Woodward’s recommendations in 1974 were largely incorporated in the Aboriginal Land Rights (Northern Territory) Act 1976 and this has set the high water mark in Aboriginal resource rights, but arguably this has been set too low. Instead of a de jure right in minerals as Whitlam sought, Aboriginal traditional owners were provided with a de facto right in the form of right of consent or right of veto provisions. As Woodward famously said ‘to deny Aborigines the right to prevent mining on their land is to deny the reality of their land rights’.

This right of veto, ‘free prior and informed consent’, provides a form of leverage that Aboriginal traditional owners have been able to utilise in negotiations with resource developers to extract a share of mineral rent in benefit sharing agreements. As well, like Hasluck, Woodward recommended that the Australian government forego its royalty right in favour of Aboriginal interests and so in the Northern Territory the equivalents of royalties are divided between traditional owners of areas affected, their representative organisations, and other Aboriginal people in the Northern Territory via allocations from the Aboriginal Benefit Account.

In my view Woodward was too pragmatic, although if he had recommended full mineral rights for Aborigines this may not have been incorporated in the law passed by the Fraser government.

Unfortunately, the Native Title Act framework provides native title groups a far weaker property right, a mere right to negotiate with a window of opportunity of six months, at best, and a right of consultation, at worst. This has resulted in many benefit sharing agreements, although whether they are equitable remains a contentious point.

And as Indigenous people get back more and more of the continent, political pressure continues to deprive them of ownership of commercially valuable resources: minerals, fisheries and fresh water. And as resource hungry developers look to explore and exploit Indigenous lands, there is a risk that disparities between Indigenous and non-Indigenous Australians might increase rather than decline.

Equally unfortunately, while the dominant approach to Indigenous development focuses on ‘mainstreaming’ the only guarantees that Indigenous people have to resources are outside the market system. So, Indigenous groups may be guaranteed ‘customary’ non-market rights, but not commercial market rights.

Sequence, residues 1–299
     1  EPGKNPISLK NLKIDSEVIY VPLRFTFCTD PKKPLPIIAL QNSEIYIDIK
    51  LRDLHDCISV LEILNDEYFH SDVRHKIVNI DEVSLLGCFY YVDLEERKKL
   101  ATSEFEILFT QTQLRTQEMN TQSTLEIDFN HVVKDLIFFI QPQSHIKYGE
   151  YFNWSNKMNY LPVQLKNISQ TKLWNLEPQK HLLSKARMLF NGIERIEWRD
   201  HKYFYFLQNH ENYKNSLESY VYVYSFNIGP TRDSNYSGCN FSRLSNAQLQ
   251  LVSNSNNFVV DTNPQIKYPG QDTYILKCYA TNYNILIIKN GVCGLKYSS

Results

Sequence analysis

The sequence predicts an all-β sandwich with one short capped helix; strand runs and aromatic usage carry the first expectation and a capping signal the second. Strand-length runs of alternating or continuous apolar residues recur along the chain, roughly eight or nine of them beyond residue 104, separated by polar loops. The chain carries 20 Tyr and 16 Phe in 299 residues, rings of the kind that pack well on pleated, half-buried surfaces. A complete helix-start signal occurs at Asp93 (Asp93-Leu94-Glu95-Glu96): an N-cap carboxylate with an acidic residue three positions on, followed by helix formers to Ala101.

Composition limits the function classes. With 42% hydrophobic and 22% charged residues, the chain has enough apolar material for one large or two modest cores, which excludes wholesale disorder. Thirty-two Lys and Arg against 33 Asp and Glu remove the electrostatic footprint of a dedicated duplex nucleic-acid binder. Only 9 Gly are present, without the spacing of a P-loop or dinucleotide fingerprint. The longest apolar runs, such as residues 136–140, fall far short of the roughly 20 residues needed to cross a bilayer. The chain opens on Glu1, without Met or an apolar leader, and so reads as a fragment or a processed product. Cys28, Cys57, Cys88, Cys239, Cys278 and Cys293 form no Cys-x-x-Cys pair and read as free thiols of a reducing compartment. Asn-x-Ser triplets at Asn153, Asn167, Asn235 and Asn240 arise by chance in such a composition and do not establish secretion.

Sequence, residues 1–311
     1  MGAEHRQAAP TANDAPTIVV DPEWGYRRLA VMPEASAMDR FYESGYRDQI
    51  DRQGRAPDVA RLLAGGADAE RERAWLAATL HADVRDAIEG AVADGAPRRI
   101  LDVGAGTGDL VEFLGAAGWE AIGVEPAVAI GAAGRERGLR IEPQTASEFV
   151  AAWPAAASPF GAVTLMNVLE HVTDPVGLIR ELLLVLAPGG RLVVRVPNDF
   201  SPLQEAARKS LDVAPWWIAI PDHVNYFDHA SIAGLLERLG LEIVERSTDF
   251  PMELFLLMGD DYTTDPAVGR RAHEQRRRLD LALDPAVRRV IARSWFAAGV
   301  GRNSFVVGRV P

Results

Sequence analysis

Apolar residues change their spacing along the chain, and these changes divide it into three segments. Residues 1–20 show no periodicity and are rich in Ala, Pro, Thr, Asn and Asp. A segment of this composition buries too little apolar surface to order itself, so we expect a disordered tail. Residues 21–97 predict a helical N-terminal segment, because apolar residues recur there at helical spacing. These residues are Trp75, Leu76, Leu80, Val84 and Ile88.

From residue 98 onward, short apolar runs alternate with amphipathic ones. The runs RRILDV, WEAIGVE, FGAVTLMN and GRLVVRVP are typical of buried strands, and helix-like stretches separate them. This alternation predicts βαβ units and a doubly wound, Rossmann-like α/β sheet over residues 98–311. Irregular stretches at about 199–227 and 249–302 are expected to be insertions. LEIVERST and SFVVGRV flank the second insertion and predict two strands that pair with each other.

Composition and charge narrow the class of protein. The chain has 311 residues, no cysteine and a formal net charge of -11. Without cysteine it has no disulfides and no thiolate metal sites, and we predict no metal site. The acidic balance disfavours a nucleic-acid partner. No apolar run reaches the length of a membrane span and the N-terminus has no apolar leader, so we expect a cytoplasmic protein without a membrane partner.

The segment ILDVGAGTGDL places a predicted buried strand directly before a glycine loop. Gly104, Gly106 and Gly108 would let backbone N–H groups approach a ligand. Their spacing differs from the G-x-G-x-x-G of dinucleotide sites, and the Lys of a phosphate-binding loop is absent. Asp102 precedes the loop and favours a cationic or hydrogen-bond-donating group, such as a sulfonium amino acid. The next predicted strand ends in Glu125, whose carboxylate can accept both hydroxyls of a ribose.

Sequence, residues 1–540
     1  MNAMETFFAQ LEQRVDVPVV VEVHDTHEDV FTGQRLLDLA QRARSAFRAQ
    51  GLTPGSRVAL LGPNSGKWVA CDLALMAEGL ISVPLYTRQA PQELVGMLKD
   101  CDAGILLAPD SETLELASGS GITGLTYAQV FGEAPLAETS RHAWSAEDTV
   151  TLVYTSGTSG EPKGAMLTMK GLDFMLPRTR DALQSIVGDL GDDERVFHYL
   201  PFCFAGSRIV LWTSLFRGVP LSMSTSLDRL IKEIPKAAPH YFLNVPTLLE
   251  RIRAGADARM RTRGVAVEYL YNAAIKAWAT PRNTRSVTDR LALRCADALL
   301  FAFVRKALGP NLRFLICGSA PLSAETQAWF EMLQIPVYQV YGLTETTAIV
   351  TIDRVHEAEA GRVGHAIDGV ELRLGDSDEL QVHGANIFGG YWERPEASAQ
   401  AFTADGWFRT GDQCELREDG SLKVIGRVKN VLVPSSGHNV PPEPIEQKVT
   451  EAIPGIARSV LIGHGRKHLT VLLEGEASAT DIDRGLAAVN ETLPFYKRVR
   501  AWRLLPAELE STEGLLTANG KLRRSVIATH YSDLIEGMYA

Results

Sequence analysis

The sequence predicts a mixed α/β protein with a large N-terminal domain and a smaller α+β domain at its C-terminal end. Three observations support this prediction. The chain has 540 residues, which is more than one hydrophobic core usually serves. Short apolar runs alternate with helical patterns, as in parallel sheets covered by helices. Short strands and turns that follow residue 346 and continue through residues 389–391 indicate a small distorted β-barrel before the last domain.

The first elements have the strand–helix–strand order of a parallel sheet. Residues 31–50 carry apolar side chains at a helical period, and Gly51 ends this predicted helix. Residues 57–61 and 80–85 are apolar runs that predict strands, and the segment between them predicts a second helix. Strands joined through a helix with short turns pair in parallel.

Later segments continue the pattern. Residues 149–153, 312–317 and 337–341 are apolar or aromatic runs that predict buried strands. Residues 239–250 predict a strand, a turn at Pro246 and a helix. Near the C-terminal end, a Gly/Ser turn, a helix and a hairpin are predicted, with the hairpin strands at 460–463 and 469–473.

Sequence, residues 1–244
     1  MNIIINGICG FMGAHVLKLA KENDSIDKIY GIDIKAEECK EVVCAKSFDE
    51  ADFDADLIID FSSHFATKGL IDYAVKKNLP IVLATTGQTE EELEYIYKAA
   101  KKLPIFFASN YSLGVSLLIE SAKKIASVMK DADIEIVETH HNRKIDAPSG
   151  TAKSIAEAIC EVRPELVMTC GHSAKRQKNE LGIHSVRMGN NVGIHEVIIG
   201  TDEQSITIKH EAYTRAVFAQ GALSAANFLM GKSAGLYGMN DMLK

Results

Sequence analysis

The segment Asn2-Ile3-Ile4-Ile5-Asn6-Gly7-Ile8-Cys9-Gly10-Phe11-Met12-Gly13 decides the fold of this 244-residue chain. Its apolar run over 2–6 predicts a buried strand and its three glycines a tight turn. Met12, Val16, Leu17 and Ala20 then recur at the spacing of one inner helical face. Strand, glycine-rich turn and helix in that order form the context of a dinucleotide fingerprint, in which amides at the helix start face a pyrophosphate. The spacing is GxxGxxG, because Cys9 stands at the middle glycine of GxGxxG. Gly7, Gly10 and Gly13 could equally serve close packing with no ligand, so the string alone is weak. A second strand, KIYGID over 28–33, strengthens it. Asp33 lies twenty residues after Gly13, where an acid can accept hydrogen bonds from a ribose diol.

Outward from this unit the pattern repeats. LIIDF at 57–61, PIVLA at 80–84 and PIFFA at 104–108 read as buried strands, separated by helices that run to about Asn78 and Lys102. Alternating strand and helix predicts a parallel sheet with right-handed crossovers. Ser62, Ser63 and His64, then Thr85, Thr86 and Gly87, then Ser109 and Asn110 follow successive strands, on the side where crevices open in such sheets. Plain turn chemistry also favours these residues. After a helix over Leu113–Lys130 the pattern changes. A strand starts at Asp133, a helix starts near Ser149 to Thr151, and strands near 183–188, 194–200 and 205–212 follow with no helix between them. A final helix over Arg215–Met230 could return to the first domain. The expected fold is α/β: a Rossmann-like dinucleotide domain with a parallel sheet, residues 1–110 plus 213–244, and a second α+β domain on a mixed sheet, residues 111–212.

The Australian Law Reform Commission has produced the only policy response to grasp this key issue when it recommends that native title rights and interests might be exercised for any purpose, including the commercial alongside hunting, fishing, gathering and trading rights and interests. This is a means to empower Indigenous land owners to have the freedom to make development choice, although such policy reform could exacerbate wealth and wellbeing differentials between those who own land and those who do not.

Others like the White Paper and the Australian Human Rights Commission focus too much on real or imagined over-regulation of Indigenous lands and seek the removal of what Mick Gooda and Tim Wilson refer to as ‘red and green tape that stifles Indigenous development’. This all sounds too much like Keating’s warnings about ‘workability’ and risks change that will be structural and disempowering of the Indigenous disadvantaged in favour of the rich and powerful.

It might be timely for those who champion ‘rights to development’ to advocate for stronger Indigenous property rights either by making them inclusive of commercial rights, at best, or by making them the equivalent of the free prior informed consent rights proposed by Justice Woodward and embedded in land rights law nearly 40 years ago.

Such advocacy might see prospects for Closing the Gap enhanced for those Indigenous people who prioritise development in the mainstream while simultaneously enhancing livelihood prospects from alternate forms of development for those who choose otherwise.

As the Broome Communiqué of May 2015 noted there are tensions between cultural matters, environmental protection and development objectives. Stronger native title property rights are a potentially important means to ameliorate such tensions.

A version of this article was published in Land Rights News Northern Edition August 2015/Edition 3.

Jon Altman

Jon Altman is a research professor in anthropology at the Alfred Deakin Institute for Citizenship and Globalisation at Deakin University, Melbourne. He is also an emeritus professor in anthropology at the Australian National University and was foundation director of the Centre for Aboriginal Economic Policy Research (CAEPR) from 1990-2010 and a researcher professor there until September 2014. He is currently affiliated with the School of Regulation and Global Governance (RegNet) in the College of Asia and the Pacific at the ANU and a University Professorial Fellow associated with the Research Institute for the Environment and Livelihoods at Charles Darwin University.